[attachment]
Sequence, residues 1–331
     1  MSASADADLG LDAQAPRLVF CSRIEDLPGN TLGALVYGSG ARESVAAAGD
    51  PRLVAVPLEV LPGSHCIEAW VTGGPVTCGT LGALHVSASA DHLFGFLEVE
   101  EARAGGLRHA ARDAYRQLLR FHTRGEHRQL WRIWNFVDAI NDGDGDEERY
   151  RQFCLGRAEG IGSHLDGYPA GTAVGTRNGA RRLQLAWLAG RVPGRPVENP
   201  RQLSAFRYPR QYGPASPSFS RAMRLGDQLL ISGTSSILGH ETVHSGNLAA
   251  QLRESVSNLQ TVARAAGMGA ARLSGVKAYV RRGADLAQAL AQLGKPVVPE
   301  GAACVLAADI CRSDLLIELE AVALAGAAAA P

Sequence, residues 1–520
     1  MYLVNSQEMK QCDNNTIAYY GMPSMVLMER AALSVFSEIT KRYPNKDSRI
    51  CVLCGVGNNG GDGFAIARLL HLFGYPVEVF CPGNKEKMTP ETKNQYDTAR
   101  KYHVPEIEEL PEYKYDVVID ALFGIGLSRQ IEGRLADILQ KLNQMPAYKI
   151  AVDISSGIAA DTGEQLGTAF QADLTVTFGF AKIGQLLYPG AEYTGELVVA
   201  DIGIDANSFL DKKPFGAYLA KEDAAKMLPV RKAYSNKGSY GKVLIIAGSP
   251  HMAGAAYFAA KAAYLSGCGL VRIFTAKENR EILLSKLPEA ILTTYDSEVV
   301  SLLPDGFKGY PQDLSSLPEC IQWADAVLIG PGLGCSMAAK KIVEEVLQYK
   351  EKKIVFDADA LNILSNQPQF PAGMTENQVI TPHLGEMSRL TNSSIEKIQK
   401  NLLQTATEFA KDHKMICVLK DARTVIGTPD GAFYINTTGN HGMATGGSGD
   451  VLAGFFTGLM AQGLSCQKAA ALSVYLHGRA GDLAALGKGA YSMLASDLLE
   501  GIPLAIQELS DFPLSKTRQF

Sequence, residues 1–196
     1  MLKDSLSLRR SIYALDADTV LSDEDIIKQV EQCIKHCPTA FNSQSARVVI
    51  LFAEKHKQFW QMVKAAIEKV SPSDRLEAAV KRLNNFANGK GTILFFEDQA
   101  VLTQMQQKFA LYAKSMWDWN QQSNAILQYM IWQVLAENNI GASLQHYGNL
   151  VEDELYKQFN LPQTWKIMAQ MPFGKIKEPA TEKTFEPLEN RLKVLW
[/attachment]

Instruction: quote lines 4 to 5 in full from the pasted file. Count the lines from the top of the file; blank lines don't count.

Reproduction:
   101  EARAGGLRHA ARDAYRQLLR FHTRGEHRQL WRIWNFVDAI NDGDGDEERY
   151  RQFCLGRAEG IGSHLDGYPA GTAVGTRNGA RRLQLAWLAG RVPGRPVENP